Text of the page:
View of the castle and church, which were connected by an underground passageway to the Maharsha synagogue at the other end of town, Ostrog, ca. 1920s. The synagogue was built in the mid-seventeenth century and named for Shemu’el Eli‘ezer ben Yehudah ha-Levi Edels (known as Maharsha). The tunnel was part of the city’s defensive system, built when Ostrog was one of the strategic bulwarks against Tatar raids in Volhynia. Photograph by Alter Kacyzne. (Forward Association/YIVO)

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Shemu’el Eli‘ezer ben Yehudah ha-Levi Edels

(1555–1631), rabbinical scholar and interpreter of the Talmud. Known as Maharsha—an acronym for “Our teacher, (the) Rabbi Shemu’el Edels (Adels)”—Edels was born in Kraków. He was a descendant of Yehudah Ḥasid on his father’s side, and was a member of the family of Yehudah Leib ben Betsal’el (Maharal of Prague) on his mother’s. He studied Torah in Poznań, where he married the daughter of his uncle, Mosheh Ashkenazi-Halperin (Lifshits), the rabbi of Brisk (Brest Litovsk). His wealthy mother-in-law, Edel, supported his yeshiva for 20 years, in recognition of which he adopted the name Edels.

Following his mother-in-law’s death in 1605, Edels served as rabbi in several important communities: first in Chełm (according to some sources, he served in Tiktin [Tykocin] as well), then in Lublin (as of 1614); and finally, as of 1625, as rabbi and head of the yeshiva in Ostróg. He died in 1631, and a magnificent headstone was built on his grave.

The teaching method Edels employed consisted of an in-depth deliberation on the literal meaning (peshat) of the Talmudic text; he was opposed to acute pilpul (ḥiluk). In his lessons, he strove to explain and clarify the interpretations of Rashi and Tosafot, but his written conclusions were very brief, and his students had to work hard to fully understand his intent. His books Ḥidushe halakhot (Legal Novellae) and Ḥidushe agadot (Novellae on Nonlegal Portions of the Talmud) were published separately beginning in 1602. Both were subsequently added to all printed editions of the Talmud, at the end of each tractate; for generations, his interpretations have been used as a basis for understanding the Talmud.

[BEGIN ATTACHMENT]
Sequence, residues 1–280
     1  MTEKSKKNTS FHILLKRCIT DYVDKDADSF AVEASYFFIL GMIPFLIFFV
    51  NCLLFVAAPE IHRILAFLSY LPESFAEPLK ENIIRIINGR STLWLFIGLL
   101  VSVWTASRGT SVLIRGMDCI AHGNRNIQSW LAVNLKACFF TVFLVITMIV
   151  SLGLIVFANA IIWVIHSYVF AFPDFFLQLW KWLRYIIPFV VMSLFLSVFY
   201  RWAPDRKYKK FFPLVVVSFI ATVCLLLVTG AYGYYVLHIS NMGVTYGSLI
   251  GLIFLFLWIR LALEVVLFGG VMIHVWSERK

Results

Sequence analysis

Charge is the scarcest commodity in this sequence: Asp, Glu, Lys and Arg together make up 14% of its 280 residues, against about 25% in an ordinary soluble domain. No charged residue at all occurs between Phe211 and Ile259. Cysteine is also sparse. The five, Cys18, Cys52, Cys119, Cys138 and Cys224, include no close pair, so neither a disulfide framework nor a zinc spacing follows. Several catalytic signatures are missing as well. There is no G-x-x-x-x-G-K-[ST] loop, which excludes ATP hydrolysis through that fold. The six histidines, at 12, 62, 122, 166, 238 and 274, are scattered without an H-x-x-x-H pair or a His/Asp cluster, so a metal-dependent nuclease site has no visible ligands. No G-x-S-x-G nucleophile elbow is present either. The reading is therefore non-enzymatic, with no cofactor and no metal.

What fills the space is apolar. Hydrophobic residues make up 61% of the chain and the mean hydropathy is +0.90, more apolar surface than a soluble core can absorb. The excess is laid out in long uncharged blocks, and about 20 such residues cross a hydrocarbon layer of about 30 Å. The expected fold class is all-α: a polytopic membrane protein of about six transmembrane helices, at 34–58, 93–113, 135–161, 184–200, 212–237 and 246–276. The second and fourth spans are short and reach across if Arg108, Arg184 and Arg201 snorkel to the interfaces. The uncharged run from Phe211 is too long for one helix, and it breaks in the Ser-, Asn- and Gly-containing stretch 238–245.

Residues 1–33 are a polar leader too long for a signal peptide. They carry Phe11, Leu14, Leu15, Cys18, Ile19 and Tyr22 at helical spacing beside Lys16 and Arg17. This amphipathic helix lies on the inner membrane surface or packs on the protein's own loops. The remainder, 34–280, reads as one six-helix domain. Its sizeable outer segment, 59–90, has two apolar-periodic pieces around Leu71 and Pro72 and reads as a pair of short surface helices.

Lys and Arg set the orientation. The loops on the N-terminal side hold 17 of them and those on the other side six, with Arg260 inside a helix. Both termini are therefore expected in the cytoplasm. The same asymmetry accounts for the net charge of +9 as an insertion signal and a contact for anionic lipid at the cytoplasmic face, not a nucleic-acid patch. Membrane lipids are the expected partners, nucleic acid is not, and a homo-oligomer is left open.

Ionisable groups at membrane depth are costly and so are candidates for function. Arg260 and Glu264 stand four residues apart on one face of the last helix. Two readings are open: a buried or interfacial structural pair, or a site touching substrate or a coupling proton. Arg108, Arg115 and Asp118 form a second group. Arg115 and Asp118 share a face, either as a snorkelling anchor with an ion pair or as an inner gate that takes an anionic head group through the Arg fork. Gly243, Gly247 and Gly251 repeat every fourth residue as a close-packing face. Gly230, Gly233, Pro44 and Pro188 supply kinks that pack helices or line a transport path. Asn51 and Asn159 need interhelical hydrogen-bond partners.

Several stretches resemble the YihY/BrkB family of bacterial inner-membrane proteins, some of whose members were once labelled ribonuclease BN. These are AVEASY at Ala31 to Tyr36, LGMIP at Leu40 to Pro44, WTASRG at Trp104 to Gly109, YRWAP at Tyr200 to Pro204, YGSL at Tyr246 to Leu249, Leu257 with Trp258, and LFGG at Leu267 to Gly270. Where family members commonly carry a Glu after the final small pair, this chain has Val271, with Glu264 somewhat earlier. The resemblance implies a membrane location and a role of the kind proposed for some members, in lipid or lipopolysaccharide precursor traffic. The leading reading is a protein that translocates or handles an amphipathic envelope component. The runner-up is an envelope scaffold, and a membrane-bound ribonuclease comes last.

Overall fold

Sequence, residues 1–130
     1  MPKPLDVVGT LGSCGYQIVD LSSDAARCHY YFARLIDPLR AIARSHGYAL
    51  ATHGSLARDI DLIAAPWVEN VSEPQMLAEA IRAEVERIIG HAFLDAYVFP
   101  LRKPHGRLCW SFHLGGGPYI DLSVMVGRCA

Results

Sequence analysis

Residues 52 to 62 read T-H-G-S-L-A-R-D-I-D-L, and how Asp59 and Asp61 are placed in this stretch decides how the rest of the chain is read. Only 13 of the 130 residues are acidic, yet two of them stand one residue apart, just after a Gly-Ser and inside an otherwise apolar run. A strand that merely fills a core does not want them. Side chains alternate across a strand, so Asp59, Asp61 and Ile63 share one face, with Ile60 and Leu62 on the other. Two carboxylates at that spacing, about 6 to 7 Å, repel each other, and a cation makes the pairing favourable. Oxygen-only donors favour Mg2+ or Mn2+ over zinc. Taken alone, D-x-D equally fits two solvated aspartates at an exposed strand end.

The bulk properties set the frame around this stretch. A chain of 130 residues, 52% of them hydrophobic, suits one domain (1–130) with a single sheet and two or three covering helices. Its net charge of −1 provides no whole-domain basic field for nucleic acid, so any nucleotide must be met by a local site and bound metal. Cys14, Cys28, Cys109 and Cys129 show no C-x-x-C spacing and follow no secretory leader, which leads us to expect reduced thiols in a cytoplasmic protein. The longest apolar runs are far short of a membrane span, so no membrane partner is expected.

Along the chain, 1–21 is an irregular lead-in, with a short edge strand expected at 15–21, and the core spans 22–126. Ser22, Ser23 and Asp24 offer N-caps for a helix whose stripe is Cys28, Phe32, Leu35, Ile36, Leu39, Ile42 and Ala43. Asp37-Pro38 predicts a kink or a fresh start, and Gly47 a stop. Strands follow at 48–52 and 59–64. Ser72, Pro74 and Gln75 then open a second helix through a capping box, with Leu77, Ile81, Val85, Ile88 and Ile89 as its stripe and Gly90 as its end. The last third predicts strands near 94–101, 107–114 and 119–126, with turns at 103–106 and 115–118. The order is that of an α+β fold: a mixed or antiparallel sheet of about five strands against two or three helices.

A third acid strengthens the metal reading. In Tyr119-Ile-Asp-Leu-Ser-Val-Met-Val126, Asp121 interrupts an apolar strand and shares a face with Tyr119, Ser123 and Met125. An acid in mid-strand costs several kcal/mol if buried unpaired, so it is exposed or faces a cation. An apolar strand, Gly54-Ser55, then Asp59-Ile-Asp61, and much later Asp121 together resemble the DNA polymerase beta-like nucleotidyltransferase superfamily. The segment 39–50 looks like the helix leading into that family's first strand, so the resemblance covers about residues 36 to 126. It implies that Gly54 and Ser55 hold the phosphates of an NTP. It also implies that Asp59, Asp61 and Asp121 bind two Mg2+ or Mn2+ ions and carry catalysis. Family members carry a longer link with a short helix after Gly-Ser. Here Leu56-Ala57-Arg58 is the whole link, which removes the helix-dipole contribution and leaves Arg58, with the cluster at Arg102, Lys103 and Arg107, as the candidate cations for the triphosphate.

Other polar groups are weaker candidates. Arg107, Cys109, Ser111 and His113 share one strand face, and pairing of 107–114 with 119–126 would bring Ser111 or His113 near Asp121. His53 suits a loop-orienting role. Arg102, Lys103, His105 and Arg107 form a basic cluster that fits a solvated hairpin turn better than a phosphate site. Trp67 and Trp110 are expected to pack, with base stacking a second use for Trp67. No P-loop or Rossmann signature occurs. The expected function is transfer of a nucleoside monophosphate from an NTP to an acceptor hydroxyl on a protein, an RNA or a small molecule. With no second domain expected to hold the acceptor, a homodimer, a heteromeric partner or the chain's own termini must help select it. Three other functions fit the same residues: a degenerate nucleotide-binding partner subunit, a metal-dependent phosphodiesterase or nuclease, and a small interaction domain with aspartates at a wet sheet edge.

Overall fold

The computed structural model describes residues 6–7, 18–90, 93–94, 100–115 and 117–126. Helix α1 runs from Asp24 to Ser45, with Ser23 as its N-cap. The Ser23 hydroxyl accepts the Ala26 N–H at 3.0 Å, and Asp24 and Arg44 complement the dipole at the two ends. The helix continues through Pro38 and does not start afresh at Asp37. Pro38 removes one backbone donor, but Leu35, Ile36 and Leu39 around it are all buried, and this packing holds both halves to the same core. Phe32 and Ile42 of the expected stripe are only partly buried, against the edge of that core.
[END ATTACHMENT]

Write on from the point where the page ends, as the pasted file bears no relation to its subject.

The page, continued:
With respect to aggadic material, Edels interpreted puzzling and unexplained matters logically or explained that the matters in question were only analogies—allegories with a moral. In his interpretations, he drew on kabbalistic and philosophical literature as sources, and often wrote literary critiques and remarks. Numerous books of explanations and clarifications of, and further deliberations on, Edel’s work were subsequently written. No edition of his responsa was ever published. He was opposed to ruling according to the Shulḥan ‘arukh without first studying the halakhic sources in depth.

Edels was among the leading rabbis of Polish Jewry in his day. He admonished his generation for lawlessness and immorality, and criticized wealthy individuals for purchasing rabbinical positions, rabbis for lording over the public for other than altruistic purposes, and ordinary Jews for getting drunk during the melaveh malkah (post-Sabbath) meal and consequently being late for morning prayers the following day. He composed seliḥot (penitential prayers) to commemorate unfortunate events that occurred in his time.

Edels was survived by several children, the most prominent of whom was his son-in-law, Mosheh Bunims, chief rabbi of Lublin. The latter wrote a commentary entitled Mahadurah batra’ (1670) on his father-in-law’s legal work.

Suggested Reading

Samuel Aba Horodetzki, Shem mi-Shemu’el: Toldot Shemu’el Eli‘ezer (ben) Yehudah Edels ha-mekhuneh Maharsha: Shitato helekh nafsho ve-darko ba-kodesh (Drohobycz, 1895); Reuben Margaliot, Toldot Adam: Shemu’el Eli‘ezer Edels (ha-nod‘a be-shem Maharsha): Me’ore ḥayav, pe‘ulotav ha-sifrutim (Lemberg, 1912); Me’ir Wunder, Elef Margaliyot: Sefer ‘ezer le-ḥeker yuḥasin (Jerusalem, 1993), pp. 99–108.



Translated from Hebrew by Rami Hann